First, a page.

That’s how cooperatives traditionally charged for the delivery of electricity to your home. But as renewable technologies become more popular and consumers make better energy choices, the old model doesn’t fully cover the cost of maintaining the grid.
As not-for-profit, member-owned organizations, electric cooperatives want to help their members find the best energy solutions to meet their needs. If members want to install solar, cooperatives want to help. If members want to reduce their energy use through home improvements and efficient appliances, cooperatives are eager to give advice. But even if we all consume less energy, we still need the power grid, and it costs a lot of money to operate and maintain that grid.
By lowering the variable delivery charge and increasing the fixed charge, electric cooperatives can keep the grid running safely and reliably while allowing members to make the energy choices that work best for their lives.
This system does a better job of fairly charging each member for the actual cost of their service. The total amount of money raised by the cooperative remains unchanged, but some members end up paying a bit more, and some a bit less.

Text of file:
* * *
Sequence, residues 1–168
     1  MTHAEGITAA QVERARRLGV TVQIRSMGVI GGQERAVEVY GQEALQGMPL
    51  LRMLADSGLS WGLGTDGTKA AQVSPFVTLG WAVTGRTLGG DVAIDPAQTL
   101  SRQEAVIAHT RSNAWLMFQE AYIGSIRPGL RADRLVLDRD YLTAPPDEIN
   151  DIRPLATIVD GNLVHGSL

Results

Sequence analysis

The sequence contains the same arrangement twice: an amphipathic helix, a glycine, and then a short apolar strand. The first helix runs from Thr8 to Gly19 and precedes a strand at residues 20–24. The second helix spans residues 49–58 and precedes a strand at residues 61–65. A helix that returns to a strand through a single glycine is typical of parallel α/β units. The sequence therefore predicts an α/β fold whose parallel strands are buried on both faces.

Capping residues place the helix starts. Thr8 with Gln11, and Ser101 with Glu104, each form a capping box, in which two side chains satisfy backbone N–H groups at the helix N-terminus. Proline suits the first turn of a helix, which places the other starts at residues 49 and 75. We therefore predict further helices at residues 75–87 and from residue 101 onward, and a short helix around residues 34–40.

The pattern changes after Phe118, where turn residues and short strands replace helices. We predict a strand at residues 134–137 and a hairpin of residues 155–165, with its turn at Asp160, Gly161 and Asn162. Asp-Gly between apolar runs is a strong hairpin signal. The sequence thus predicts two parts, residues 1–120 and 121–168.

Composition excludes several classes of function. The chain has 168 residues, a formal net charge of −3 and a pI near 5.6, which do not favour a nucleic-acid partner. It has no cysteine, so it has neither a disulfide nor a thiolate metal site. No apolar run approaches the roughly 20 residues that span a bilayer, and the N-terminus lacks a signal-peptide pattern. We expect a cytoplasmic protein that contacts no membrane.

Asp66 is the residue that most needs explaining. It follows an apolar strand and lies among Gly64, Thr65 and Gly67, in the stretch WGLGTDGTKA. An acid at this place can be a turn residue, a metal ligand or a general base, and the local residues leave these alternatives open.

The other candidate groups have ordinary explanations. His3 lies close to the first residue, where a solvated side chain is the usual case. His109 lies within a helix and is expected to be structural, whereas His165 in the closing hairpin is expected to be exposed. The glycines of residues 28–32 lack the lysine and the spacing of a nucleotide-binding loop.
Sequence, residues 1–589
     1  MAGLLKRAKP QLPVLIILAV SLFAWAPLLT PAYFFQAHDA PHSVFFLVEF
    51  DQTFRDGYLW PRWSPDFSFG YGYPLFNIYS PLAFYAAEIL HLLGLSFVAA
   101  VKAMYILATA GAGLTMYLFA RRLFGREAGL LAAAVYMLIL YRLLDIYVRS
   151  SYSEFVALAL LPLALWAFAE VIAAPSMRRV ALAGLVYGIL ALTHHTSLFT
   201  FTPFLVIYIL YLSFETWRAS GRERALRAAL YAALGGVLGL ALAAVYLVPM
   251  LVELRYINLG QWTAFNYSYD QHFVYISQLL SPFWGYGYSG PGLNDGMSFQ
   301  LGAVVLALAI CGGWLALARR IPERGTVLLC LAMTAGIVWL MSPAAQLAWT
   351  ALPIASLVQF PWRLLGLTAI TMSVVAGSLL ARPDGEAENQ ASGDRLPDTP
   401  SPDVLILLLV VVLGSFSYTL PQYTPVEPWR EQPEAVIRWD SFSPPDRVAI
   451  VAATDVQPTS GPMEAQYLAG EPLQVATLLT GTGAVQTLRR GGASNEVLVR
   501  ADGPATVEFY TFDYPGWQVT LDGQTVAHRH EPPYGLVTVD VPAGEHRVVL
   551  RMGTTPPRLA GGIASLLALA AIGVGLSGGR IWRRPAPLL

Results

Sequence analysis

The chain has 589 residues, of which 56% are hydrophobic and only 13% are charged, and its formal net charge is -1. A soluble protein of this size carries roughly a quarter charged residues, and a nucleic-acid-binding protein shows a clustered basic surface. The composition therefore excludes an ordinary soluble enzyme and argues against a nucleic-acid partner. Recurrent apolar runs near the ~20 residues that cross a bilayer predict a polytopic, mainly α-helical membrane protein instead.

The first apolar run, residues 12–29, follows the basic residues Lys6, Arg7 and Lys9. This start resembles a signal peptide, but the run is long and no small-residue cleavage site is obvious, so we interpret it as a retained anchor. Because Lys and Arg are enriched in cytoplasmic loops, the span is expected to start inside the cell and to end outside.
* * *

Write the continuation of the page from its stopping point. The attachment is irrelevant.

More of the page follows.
Looking toward the future
The coming years will bring many changes to the way we generate, deliver and use electricity, and advances in energy technology promise to greatly improve our quality of life. America’s electric cooperatives are working hard to ensure that whatever the future may bring, you’ll be connected to that future through a modern energy grid that is safe, reliable and fairly priced for all.
Justin LaBerge writes on consumer and cooperative affairs for the National Rural Electric Cooperative Association.